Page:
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$300k damages awarded in Pokémon Sword and Shield leak lawsuit

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Two defendants are ordered to pay $150k US each in damages after leaking images from an unpublished Pokémon Sword and Shield strategy guide.

In the run-in to release, people on the internet got upset – as they often do – about Pokémon Sword and Shield.

Specifically, it was the news that Pokémon Sword and Shield would be the first mainline entry that wouldn’t feature the full series’ Pokédex.

If you’re not sure what that means, an explainer:

With every new Pokémon game, The Pokémon Company adds more monsters. Some are brand new, some are variants of existing ones. Each game has what’s called a Pokédex, a catalogue (or index) of all the monsters in the game.

Before Pokémon Sword and Shield, each new game’s Pokédex was a cumulative tally of all the monsters in all the games that came before it, plus all the new additions in that game.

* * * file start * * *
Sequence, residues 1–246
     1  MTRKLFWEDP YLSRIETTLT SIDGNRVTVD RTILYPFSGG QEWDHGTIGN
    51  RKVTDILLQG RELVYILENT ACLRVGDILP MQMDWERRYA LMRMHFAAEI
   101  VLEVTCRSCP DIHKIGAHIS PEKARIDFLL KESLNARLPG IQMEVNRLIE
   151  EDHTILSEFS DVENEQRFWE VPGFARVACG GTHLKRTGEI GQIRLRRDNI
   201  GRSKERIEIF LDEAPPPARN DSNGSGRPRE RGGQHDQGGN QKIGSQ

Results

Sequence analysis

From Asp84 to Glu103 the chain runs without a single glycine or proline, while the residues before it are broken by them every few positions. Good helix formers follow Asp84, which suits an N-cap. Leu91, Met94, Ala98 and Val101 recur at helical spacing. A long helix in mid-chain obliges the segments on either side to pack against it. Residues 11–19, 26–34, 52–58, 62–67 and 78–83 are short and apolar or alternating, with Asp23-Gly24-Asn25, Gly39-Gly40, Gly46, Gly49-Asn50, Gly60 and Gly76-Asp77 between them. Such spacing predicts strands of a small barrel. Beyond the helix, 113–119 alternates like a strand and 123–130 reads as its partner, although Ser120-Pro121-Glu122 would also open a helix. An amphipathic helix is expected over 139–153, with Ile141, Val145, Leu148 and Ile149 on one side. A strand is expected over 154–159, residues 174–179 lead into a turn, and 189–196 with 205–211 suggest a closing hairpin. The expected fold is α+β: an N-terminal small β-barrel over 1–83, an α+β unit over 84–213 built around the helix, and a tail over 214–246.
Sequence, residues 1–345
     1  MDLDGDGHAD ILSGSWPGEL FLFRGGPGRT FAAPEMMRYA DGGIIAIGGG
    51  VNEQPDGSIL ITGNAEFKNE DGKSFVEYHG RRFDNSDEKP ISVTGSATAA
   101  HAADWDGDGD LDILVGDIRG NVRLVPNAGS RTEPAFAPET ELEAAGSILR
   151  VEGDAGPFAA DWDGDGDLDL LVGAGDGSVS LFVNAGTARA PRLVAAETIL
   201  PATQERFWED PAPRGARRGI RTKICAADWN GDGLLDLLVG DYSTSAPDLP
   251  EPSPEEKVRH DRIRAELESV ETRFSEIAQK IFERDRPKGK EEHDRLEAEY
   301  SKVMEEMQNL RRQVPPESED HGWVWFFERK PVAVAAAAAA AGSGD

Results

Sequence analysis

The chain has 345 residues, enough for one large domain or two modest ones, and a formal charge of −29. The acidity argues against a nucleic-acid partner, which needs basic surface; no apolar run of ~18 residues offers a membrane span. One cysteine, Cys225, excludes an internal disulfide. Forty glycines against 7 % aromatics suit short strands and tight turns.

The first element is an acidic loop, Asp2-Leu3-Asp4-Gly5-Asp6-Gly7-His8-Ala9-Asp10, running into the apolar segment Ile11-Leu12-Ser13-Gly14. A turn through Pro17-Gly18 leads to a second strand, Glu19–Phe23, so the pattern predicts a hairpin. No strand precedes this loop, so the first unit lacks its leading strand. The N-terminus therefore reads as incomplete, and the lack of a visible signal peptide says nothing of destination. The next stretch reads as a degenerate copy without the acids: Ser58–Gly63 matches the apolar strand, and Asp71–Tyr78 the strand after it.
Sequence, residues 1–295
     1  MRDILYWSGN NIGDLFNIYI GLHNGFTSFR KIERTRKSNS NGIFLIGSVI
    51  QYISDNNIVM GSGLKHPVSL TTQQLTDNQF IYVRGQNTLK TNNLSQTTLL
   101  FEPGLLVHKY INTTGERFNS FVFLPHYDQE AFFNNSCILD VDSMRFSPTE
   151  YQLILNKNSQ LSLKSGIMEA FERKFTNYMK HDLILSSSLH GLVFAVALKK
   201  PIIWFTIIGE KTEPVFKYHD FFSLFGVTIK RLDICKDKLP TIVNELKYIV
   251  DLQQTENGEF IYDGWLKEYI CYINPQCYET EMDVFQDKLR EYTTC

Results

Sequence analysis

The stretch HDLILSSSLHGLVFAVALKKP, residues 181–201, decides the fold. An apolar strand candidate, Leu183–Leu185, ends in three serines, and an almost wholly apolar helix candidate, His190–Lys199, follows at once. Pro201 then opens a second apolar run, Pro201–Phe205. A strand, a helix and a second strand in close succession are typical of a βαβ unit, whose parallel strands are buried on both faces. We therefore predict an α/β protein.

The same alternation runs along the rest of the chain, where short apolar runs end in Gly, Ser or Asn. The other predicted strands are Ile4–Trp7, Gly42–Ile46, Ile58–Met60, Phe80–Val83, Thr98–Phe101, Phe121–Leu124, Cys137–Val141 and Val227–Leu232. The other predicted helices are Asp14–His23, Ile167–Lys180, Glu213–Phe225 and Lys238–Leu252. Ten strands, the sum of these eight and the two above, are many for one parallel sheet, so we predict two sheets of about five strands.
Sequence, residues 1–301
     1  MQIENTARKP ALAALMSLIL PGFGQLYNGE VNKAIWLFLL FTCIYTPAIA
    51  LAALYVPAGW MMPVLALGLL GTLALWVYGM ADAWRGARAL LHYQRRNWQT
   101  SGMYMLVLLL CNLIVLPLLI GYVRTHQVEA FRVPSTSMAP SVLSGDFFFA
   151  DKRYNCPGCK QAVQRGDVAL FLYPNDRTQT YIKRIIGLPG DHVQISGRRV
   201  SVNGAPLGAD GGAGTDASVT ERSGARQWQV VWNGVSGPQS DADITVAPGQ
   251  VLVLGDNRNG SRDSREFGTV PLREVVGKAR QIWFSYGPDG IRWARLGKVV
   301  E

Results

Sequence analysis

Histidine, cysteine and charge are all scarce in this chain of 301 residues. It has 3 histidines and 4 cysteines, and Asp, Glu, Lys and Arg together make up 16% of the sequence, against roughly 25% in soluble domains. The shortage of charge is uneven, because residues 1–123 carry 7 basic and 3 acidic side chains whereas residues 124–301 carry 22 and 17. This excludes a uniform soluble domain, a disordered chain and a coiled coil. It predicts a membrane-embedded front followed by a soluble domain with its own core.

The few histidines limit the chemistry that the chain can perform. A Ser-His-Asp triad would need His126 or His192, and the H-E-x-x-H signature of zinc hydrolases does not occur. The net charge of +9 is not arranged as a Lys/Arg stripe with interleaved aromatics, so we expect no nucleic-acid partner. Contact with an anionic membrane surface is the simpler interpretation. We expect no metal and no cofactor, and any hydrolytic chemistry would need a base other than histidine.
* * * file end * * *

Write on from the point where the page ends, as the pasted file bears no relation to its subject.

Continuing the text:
But in Pokémon Sword and Shield, where the total number of monsters approached a thousand, The Pokémon Company changed tack. Not all Pokémon would be included in Sword and Shield’s Pokédex.

And this made people on the internet very upset.

Had this information come out in reviews of the game, they would have been upset enough. But this actually leaked several months prior to the Pokémon Sword and Shield’s release, where photographs of the game’s unreleased strategy guide surfaced online. This generated a lot of negative publicity for the game and, arguably, harmed pre-orders.

So, in November 2019, armed with just the leaked images, The Pokémon Company filed a lawsuit. Now, 19 months later, that lawsuit has culminated in two defendants each being required to pay The Pokémon Company $150k US (around £108k GBP) in damages and legal fees.

One of the defendants, it turns out, worked for LSC Communications, the company that printed the strategy guide for Pokémon Sword and Shield. The other? Just someone who shared the information on Discord, where the leak then became public knowledge.

If you weren’t already aware, this should serve as a reminder that leaking things online – or even sharing leaked things – can be a risky business.

And if the publisher involved is the notoriously protective Nintendo or one of its subsidiaries (The Pokémon Company is joint-owned by Nintendo, Game Freak and Creatures), then you should probably expect legal action.

Via Polygon.

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